Sunday, November 25, 2012

El Salvador's "Ninis"

There is an interesting article on the Fox News Latino website titled Ninis - A Generation that Neither Works, Nor Studies in El Salvador.  The article discusses the situation of youth with nothing to do:

In various Latin American countries, they call them "ninis" (pronounced nee-nees.) The Spanish word "ni" means "neither" and they are called "neither neithers" because they are young people who "neither work, neither study" at school or university - or in Spanish "Ni trabaja, ni estudia."  This generation in the small Central American country of El Salvador is attracting attention and causing concern. 
Costa Rica's State of the Region in Sustainable Human Development Program, in coordination with El Salvador's Studies for the Application of Law Foundation (FESPAD), found that ninis between the ages of 15 and 25, can be either gender, with 40% being female and 60% being male. The total number of ninis in El Salvador is estimated to be 241,000 and they account for 20% of the entire population. 
Ninis are often perceived as being lazy and ambitionless, but according to the International Labor Organization (ILO) many have tried and failed to find employment or have left poor working conditions. In a country rife with violent gangs who actively recruit, unemployed youth is cause for alarm.
Read more.

I will point out one mistake in the article.  241,000 "ninis" would not be 20% of El Salvador's population of 6.2 million, but it might be 20% of the population between age 15 and 25.   Regardless, it is still a large number and points out one of El Salvador's big challenges.   How do you create a path of opportunity for young people?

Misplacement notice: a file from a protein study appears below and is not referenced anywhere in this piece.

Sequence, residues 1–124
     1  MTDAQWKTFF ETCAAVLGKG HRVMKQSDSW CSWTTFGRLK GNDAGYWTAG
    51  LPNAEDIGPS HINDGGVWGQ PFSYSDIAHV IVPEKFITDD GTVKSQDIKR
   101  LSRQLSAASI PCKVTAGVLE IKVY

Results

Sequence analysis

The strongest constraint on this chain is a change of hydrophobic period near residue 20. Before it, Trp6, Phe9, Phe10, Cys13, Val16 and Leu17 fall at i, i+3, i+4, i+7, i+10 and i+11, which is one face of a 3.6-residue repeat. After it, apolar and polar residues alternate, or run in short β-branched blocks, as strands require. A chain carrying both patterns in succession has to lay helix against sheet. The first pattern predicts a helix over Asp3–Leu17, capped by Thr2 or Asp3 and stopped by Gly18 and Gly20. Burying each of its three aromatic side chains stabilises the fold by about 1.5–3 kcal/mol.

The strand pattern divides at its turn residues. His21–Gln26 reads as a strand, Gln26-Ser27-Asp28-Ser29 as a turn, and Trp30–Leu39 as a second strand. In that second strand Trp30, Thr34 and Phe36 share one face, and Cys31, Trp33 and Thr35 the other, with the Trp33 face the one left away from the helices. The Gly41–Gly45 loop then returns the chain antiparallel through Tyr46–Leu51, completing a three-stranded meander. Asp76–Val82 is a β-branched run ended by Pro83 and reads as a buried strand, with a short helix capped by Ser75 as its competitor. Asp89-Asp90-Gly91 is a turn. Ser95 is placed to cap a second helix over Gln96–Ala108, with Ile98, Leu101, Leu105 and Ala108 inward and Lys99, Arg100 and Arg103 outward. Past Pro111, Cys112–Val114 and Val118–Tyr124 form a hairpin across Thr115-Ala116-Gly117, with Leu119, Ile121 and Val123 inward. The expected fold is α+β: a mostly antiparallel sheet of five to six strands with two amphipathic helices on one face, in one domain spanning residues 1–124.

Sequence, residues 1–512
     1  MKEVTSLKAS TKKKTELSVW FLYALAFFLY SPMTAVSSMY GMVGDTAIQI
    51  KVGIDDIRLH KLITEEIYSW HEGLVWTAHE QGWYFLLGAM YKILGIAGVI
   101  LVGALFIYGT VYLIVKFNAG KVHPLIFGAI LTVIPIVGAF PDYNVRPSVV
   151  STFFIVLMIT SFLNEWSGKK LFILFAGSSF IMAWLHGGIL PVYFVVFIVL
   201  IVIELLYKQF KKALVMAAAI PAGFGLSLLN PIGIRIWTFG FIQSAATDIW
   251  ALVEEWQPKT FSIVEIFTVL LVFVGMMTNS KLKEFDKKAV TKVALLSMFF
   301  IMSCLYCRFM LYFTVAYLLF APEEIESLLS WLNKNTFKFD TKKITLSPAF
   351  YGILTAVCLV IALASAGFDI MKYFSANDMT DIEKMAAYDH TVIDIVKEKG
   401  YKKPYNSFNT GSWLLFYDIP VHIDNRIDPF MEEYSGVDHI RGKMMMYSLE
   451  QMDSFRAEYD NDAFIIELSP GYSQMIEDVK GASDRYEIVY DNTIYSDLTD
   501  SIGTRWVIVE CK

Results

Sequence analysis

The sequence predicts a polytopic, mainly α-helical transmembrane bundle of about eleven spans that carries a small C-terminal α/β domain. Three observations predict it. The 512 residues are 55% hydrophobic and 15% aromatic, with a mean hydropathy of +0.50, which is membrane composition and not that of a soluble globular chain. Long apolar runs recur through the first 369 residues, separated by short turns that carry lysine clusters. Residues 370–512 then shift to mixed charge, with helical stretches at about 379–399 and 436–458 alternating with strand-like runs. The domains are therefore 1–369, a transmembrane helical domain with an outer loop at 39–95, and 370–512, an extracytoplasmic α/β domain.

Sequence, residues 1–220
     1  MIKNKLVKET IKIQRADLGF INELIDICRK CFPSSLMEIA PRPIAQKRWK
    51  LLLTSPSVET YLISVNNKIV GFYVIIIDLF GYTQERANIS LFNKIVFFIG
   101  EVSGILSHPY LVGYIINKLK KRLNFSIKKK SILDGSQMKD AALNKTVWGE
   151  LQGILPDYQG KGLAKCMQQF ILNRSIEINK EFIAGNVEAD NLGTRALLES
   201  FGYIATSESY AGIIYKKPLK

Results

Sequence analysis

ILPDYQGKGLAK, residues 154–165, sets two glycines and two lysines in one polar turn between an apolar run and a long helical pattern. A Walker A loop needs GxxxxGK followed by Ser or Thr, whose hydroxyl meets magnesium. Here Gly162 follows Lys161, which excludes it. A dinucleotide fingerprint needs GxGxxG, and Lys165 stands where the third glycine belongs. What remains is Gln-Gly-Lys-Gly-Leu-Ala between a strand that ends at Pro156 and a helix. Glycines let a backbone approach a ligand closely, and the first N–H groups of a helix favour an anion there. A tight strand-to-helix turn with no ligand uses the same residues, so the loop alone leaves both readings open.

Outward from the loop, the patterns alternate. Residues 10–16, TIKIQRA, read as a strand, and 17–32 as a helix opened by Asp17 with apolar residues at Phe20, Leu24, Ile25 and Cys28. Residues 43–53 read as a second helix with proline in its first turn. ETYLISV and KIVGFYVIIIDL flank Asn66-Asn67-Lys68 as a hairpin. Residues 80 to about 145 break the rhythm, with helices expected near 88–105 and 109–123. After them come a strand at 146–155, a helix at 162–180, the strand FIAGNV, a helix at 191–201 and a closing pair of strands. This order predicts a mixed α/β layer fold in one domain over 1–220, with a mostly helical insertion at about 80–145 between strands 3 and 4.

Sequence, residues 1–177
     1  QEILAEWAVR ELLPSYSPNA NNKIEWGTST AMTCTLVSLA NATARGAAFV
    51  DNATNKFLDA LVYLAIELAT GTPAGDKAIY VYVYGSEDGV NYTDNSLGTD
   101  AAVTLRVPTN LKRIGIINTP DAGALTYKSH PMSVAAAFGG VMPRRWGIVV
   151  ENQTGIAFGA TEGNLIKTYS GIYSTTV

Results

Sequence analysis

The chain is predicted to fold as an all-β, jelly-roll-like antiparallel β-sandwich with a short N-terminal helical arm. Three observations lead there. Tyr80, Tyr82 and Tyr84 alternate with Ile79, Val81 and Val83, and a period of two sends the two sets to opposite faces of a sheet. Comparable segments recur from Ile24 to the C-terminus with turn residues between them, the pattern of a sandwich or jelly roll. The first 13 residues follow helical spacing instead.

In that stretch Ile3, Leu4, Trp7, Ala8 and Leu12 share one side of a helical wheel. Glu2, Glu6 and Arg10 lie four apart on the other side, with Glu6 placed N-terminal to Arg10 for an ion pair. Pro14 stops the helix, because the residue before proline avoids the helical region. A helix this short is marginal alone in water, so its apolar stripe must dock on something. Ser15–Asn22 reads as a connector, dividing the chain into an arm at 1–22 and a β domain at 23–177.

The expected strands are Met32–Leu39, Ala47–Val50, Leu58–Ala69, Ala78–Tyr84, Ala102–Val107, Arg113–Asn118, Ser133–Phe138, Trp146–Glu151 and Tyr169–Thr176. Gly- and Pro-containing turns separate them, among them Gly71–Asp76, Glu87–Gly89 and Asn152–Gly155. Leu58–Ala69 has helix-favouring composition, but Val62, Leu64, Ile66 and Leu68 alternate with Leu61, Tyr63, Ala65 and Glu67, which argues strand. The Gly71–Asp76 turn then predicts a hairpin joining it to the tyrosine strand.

3 comments:

Cathy Howell said...

This term is used in other countries as well. Spain's government even uses it - since 50% of young people there are unemployed. This is a worldwide problem. Here's a link to an article about Spain. http://www.culturespain.com/tag/ni-ni/

Sean said...

Seems like Fox News Latino misses the point on this article. In one sentence it mentions that many ¨ninis¨ have tried and failed to get a job. Isn´t that the issue? The fact that there is very little opportunity for work in El Salvador, something that can help explain the huge amounts of immigration to the United States from El Salvador. Not really sure the point of mentioning that there is this big group of people with nothing to do while adding zero context. Tim, you´re right to point out the odd mistake claiming that ninis are 20% of the population. Very sloppy reporting there.
Keep up the excellent blog!

Lillie Langtry said...

Britain uses the term "NEETs" (Not in Education, Employment or Training).